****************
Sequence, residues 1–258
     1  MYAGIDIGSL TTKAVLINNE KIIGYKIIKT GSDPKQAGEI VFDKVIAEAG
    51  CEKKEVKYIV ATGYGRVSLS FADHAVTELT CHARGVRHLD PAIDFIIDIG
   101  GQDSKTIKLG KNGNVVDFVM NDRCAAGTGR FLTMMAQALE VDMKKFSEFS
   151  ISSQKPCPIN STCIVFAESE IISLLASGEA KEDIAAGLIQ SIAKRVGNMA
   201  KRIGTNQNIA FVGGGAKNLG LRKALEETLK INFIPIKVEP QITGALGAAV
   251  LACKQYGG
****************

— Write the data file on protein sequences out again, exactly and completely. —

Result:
Sequence, residues 1–258
     1  MYAGIDIGSL TTKAVLINNE KIIGYKIIKT GSDPKQAGEI VFDKVIAEAG
    51  CEKKEVKYIV ATGYGRVSLS FADHAVTELT CHARGVRHLD PAIDFIIDIG
   101  GQDSKTIKLG KNGNVVDFVM NDRCAAGTGR FLTMMAQALE VDMKKFSEFS
   151  ISSQKPCPIN STCIVFAESE IISLLASGEA KEDIAAGLIQ SIAKRVGNMA
   201  KRIGTNQNIA FVGGGAKNLG LRKALEETLK INFIPIKVEP QITGALGAAV
   251  LACKQYGG